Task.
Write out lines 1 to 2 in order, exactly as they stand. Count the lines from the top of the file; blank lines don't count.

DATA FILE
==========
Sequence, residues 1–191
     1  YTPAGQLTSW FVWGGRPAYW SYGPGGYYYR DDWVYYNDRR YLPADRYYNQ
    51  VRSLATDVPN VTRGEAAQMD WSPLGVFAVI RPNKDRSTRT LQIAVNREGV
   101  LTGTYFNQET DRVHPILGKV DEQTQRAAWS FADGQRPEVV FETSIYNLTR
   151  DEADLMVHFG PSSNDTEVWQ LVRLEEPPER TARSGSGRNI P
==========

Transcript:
Sequence, residues 1–191
     1  YTPAGQLTSW FVWGGRPAYW SYGPGGYYYR DDWVYYNDRR YLPADRYYNQ